Hallsville Quarter London

Part of the transformational new town centre for Canning Town in London.

Adopting and operating the heat network serving the Hallsville Quarter development, part of the transformational new town centre for Canning Town in London.


Metropolitan has been contracted to adopt and operate, for 25 years, the district heat network serving three phases of the Hallsville Quarter development. The company has taken over the existing heat network and energy centre serving the first two phases of the development and is working with the developer, Linkcity, on the designs for future phases.

Existing heat customers when Metropolitan adopted the scheme in 2018
Estimated carbon savings over traditional solution
CHP engine to be installed by Metropolitan to replace smaller unit, leading to greater efficiencies

Transforming a town centre

Hallsville Quarter is part of the £3.7billion Canning Town and Custom House Regeneration Programme being undertaken by the London Borough of Newham. The new £600million town centre being created is expected to act as a catalyst to transform the surrounding area of east London.

The scheme will provide:

  • 1,100 homes
  • Over 23,000m2 of leisure and retail space
  • Community facilities
  • New pedestrian links, cyclist provision and 1,100 secure parking spaces

The whole scheme is scheduled to be completed by 2024.

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Adopting the existing network

As a first step, Metropolitan has ‘adopted’ the existing heat network and energy centre which serves the first two phases of the development. The adoption of district heat networks is a common practice where the original developer decides to bring in external expertise to deliver the most efficient running of the network over the long-term.

Value engineering delivers

Metropolitan’s input at Hallsville Quarter demonstrates how expert engineering and creative design can achieve significantly enhanced performance for existing heat networks. For the third phase of the development, specifying the optimum pipe sizes for the network and reducing costs with leading-edge design will result in lower carbon emissions, operational efficiencies and ultimately reduce customers’ tariffs.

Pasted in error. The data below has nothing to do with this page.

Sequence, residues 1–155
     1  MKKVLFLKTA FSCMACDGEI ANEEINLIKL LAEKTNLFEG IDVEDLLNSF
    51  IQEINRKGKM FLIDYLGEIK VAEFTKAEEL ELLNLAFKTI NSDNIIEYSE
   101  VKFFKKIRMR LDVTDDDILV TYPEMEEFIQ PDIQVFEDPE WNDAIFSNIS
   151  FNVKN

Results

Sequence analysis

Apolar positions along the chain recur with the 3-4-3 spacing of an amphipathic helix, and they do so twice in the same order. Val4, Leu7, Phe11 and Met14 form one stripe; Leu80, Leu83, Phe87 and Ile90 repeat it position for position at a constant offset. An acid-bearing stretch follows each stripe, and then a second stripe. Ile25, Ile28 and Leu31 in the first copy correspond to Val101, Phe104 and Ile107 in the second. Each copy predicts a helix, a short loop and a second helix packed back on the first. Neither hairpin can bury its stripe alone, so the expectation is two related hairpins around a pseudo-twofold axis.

Upgrading the energy centre

This project demonstrates the flexibility of district heat as a solution: networks can be adopted, extended, and reconfigured, and heat sources changed, as and when required. Metropolitan is now working with Linkcity on the designs for future phases, including the replacement of the small CHP engine now in service, with a much larger and more carbon-efficient 1.2MW CHP engine.

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In addition, the upgraded energy centre will help Hallsville Quarter meet the zero-carbon development requirements in the London Plan, which promotes Lean, Clean and Green development. Greater London Authority (GLA) building regulations stipulate that the target for both domestic and non-domestic developments in London is for a 35% carbon-emission reduction. At Hallsville Quarter, Metropolitan’s redesigned network will exceed that ambitious target. 

Long-term commitment

Metropolitan will be involved in operating the heat network at Hallsville Quarter for the next 25 years at least. It will therefore continue to have an interest in the success of the development, managing the customers’ needs, and operating the heat network as efficiently as possible long after the construction phases have been completed.

“Reaching contract signature within a few months of selecting the preferred bidder, following a comprehensive procurement process, demonstrates the strength of the working relationships on both sides and bodes well for the collaboration required for the design, delivery and operation of current and future phases at Hallsville Quarter, to the satisfaction of all its stakeholders”.

Axel Boutrolle of LinkCity